DOD IG to evaluate Navy's sealift recapitalization

By Abby Shepherd / July 9, 2024 at 4:44 PM

The Defense Department inspector general's office will assess the Navy's efforts to recapitalize its sealift fleet, according to a memo released Tuesday.

The office will specifically evaluate the effectiveness of service life extensions, acquisition of used vessels and new vessel construction, yet the memo adds that the office may revise its objectives as the evaluation proceeds.

Evaluation at the Navy, U.S. Transportation Command, Military Sealift Command and the Transportation Department’s Maritime Administration will begin this month.

The announcement follows discussion and legislative proposals surrounding sealift recapitalization, including an amendment in the House’s defense policy bill that would codify and update sealift capacity-focused National Security Directive 28.

The Senate Armed Services Committee also released its version of the fiscal year 2025 defense policy bill Monday, which calls for strategic sealift modernization. Senate authorizers require “a better understanding of the existing cargo ship market, including vessels that might be available for purchase, and how new ships from the U.S. Navy’s long-range shipbuilding plans and purchases of used vessels will meet our strategic sealift needs,” the bill’s committee report notes.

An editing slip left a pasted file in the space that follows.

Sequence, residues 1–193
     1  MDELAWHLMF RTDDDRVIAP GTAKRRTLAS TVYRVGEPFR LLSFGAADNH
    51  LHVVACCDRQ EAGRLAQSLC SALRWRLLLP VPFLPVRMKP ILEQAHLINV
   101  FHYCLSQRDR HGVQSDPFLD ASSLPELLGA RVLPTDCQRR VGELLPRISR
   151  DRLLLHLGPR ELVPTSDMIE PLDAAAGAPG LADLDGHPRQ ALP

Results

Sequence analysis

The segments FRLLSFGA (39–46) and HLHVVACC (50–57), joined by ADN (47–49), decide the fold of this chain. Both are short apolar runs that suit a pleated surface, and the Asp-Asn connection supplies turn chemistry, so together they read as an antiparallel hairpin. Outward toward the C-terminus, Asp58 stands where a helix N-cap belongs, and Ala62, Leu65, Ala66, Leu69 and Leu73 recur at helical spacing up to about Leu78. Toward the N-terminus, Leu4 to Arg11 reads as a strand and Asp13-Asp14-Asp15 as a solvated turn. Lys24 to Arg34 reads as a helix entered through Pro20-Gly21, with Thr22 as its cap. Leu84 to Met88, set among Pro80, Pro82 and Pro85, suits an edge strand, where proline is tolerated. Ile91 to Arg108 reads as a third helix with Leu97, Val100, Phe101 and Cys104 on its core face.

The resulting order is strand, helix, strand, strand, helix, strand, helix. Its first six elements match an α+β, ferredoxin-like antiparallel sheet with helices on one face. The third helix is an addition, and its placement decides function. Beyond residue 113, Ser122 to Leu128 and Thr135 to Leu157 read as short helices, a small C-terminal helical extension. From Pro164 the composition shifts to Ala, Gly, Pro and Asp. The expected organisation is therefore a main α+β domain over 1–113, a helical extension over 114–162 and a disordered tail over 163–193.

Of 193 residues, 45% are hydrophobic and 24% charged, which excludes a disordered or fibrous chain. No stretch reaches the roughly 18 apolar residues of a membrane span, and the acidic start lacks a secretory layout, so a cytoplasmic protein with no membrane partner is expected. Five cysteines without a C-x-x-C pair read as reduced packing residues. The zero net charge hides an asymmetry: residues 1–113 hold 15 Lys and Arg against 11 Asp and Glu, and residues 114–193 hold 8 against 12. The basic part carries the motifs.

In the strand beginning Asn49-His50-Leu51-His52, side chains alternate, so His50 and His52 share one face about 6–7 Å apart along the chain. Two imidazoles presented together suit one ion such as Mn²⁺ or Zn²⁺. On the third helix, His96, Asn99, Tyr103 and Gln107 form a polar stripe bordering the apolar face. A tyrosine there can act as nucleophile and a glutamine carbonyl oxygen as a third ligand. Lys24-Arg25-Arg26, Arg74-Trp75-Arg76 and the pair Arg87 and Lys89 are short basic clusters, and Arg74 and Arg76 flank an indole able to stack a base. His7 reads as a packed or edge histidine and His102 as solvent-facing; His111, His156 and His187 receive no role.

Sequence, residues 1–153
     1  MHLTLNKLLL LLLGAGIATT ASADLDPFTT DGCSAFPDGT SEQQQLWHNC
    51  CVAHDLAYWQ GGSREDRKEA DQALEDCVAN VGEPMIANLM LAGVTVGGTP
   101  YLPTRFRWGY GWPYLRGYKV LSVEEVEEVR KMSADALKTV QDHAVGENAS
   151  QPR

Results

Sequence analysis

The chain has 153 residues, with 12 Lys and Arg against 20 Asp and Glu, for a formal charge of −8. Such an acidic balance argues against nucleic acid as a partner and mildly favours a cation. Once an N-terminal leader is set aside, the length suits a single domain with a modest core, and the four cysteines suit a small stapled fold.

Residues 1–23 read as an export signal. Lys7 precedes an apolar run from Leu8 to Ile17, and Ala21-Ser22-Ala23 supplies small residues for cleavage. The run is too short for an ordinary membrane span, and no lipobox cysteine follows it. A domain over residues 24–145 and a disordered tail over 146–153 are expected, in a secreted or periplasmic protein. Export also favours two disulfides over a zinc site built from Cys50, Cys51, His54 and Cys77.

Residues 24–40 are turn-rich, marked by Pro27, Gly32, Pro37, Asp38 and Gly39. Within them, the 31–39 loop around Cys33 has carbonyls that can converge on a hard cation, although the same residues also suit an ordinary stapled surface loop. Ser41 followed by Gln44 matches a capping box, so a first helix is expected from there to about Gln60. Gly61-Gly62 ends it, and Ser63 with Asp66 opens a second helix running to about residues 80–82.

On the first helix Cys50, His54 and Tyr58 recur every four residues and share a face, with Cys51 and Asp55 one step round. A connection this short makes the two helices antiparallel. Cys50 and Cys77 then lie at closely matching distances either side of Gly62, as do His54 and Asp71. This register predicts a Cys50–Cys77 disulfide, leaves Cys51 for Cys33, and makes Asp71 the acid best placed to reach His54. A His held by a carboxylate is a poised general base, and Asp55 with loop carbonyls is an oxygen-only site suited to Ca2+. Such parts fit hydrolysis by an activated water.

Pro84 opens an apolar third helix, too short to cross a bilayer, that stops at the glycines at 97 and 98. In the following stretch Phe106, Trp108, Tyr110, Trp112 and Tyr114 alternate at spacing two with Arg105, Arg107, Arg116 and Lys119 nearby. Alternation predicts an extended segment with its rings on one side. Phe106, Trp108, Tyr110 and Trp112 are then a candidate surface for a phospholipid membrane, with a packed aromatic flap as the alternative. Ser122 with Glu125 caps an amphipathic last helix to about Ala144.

Senate authorizers have also directed the TRANSCOM commander to brief congressional defense committees no later than Jan. 31, 2025, on several sealift issues, including the market for used cargo ships and long-term plans for new ship construction.

The Navy brought forward a sealift legislative proposal in May that would allow the service to buy foreign, used vessels. In a House Armed Services Committee Navy budget hearing that month, Chief of Naval Operations Adm. Lisa Franchetti detailed several sealift capacity solutions, calling the function “critically important.”

“We’ve already bought a number of ships and we are projected to buy up to nine, which is our limit, so we have a legislative proposal in there to remove that limit, so we can continue to do that,” she told lawmakers at the time.